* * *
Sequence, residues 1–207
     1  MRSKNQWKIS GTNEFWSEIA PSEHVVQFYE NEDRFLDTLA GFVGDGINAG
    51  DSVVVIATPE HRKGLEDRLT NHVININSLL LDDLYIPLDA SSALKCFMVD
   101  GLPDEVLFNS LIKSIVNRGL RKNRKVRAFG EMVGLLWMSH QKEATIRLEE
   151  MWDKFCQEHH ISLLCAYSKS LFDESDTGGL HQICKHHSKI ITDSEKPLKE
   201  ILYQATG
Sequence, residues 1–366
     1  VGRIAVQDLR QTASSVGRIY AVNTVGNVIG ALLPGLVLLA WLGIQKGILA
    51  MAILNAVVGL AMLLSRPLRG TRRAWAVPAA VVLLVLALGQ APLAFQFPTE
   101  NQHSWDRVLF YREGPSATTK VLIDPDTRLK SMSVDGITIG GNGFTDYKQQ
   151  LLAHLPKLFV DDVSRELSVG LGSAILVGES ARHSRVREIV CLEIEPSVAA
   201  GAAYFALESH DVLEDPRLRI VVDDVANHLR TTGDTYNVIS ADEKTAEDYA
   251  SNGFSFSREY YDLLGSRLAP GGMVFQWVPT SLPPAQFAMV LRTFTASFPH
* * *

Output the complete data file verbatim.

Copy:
Sequence, residues 1–207
     1  MRSKNQWKIS GTNEFWSEIA PSEHVVQFYE NEDRFLDTLA GFVGDGINAG
    51  DSVVVIATPE HRKGLEDRLT NHVININSLL LDDLYIPLDA SSALKCFMVD
   101  GLPDEVLFNS LIKSIVNRGL RKNRKVRAFG EMVGLLWMSH QKEATIRLEE
   151  MWDKFCQEHH ISLLCAYSKS LFDESDTGGL HQICKHHSKI ITDSEKPLKE
   201  ILYQATG
Sequence, residues 1–366
     1  VGRIAVQDLR QTASSVGRIY AVNTVGNVIG ALLPGLVLLA WLGIQKGILA
    51  MAILNAVVGL AMLLSRPLRG TRRAWAVPAA VVLLVLALGQ APLAFQFPTE
   101  NQHSWDRVLF YREGPSATTK VLIDPDTRLK SMSVDGITIG GNGFTDYKQQ
   151  LLAHLPKLFV DDVSRELSVG LGSAILVGES ARHSRVREIV CLEIEPSVAA
   201  GAAYFALESH DVLEDPRLRI VVDDVANHLR TTGDTYNVIS ADEKTAEDYA
   251  SNGFSFSREY YDLLGSRLAP GGMVFQWVPT SLPPAQFAMV LRTFTASFPH